A 72-year-old man died after his anesthesiologist left for lunch in the middle of his surgery to have a tumor removed at the Lidköping hospital in Sweden. Not only did the doctor leave for lunch but soon after the head anesthesia nurse took lunch — leaving a nurse from the orthopedic ward who did not know how to operate the respirator. It turns out that the machine was turned off.
The operation began in January 2011 at 10:45 am, but as soon as the clock hit noon the doctor declared he was punching out for lunch.
The patient’s condition went chronic with hemorrhaging and his blood pressure started to drop after the departure of the doctor — roughly an hour into his lunch break. Efforts to reach the doctor at lunch were unsuccessful. By the time, the doctor returned the patient had been without oxygen for eight minutes. They never revived the man who had suffered irreparable brain damage. He did not die however for several weeks.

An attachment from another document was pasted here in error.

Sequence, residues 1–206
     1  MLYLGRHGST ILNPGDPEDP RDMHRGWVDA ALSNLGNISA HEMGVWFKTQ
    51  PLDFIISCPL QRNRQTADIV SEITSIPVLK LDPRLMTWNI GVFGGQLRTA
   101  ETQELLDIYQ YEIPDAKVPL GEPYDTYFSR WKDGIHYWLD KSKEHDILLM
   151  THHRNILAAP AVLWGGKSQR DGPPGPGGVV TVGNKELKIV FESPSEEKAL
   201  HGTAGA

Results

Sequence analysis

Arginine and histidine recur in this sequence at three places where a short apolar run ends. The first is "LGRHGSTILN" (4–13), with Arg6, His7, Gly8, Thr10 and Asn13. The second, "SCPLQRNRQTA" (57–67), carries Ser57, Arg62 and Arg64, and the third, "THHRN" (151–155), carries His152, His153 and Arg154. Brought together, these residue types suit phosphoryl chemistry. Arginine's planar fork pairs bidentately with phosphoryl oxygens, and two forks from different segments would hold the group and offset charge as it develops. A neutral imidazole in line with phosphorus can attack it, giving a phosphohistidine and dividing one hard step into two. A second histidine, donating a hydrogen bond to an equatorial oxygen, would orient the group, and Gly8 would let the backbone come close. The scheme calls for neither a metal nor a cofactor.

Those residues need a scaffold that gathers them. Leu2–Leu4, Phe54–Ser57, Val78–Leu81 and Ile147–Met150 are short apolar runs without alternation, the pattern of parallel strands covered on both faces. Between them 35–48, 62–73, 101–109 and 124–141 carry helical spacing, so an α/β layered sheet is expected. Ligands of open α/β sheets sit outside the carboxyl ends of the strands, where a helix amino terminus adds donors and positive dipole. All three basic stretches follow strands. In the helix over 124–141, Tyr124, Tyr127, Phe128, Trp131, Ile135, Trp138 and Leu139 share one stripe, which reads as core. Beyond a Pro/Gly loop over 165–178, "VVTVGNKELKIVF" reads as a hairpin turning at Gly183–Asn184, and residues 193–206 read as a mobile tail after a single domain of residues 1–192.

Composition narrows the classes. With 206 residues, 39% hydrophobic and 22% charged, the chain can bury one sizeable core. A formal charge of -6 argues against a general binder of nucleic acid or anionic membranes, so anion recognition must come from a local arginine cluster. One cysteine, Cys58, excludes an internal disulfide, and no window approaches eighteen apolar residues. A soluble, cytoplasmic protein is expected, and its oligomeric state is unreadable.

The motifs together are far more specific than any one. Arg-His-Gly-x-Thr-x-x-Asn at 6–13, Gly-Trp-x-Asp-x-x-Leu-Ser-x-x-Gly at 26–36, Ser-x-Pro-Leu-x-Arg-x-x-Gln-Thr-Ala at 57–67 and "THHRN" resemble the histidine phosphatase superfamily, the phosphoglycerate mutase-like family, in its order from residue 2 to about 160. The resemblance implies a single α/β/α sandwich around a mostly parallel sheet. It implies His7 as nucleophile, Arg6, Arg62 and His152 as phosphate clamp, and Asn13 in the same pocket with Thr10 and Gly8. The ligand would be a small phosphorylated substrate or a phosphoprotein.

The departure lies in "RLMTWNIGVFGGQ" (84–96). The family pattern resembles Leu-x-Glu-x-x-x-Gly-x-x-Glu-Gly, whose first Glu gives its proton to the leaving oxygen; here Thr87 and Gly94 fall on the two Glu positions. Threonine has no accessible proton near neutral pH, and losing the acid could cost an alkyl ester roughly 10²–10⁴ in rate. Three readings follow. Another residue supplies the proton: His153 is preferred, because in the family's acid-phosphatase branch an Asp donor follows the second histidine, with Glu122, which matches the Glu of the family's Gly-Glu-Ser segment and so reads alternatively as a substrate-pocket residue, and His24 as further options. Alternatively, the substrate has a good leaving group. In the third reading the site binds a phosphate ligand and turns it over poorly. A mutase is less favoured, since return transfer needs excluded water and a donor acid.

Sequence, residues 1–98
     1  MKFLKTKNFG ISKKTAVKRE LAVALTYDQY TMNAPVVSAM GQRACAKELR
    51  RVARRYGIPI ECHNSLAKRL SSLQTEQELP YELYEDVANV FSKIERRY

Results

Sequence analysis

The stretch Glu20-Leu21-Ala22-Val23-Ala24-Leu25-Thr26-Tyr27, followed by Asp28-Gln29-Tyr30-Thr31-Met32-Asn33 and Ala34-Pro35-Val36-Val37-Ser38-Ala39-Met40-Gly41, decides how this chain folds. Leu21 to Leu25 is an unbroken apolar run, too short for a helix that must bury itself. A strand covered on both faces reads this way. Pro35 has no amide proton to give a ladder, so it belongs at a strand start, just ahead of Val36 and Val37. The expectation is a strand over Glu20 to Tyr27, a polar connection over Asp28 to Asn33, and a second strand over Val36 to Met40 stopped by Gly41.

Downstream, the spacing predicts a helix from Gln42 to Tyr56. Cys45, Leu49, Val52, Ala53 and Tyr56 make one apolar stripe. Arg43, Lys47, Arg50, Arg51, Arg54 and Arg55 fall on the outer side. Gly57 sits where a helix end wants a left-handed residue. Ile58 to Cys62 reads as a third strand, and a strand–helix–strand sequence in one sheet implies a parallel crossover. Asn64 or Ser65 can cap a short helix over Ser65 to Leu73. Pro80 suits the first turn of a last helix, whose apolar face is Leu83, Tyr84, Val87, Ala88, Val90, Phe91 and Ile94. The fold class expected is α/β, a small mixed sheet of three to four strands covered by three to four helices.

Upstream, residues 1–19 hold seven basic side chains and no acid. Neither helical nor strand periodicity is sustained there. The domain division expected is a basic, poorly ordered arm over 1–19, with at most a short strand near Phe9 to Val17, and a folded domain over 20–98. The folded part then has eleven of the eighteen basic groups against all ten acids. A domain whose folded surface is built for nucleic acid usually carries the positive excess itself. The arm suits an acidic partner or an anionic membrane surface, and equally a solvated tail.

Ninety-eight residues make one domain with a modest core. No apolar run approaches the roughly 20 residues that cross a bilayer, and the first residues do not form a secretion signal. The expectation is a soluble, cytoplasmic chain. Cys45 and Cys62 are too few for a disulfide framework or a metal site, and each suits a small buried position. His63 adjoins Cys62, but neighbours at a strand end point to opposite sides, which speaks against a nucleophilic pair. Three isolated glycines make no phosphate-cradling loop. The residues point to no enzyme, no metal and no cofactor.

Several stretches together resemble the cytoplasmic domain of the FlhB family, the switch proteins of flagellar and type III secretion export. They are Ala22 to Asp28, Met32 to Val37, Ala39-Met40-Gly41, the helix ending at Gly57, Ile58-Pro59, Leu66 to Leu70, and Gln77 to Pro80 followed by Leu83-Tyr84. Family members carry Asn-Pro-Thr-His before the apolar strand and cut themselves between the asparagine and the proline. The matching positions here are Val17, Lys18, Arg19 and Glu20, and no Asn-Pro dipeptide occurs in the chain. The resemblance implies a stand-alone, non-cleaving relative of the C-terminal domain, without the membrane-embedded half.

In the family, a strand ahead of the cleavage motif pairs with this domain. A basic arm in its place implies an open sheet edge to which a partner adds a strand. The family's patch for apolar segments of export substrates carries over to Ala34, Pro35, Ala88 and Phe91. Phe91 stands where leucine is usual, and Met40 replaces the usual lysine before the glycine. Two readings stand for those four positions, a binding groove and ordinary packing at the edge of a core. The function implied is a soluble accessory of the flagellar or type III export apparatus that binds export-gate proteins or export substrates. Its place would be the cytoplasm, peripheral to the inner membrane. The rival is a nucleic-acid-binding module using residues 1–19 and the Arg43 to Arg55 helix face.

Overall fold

The National Board of Health and Welfare criticized the doctor’s actions. These cases often revive the debate over whether some countries like Sweden would benefit for a more robust tort system for personal injuries and malpractice as in the United States. It is of course a trade off. Litigation does add costs to medical care but not as much as malpractice. Our system is based not only on a belief in the right for patients to recover fully for such loss, but also that such litigation constitutes a critical deterrent for malpractice.
What do you think?
Source: The Local
Kudos: Richard Swenson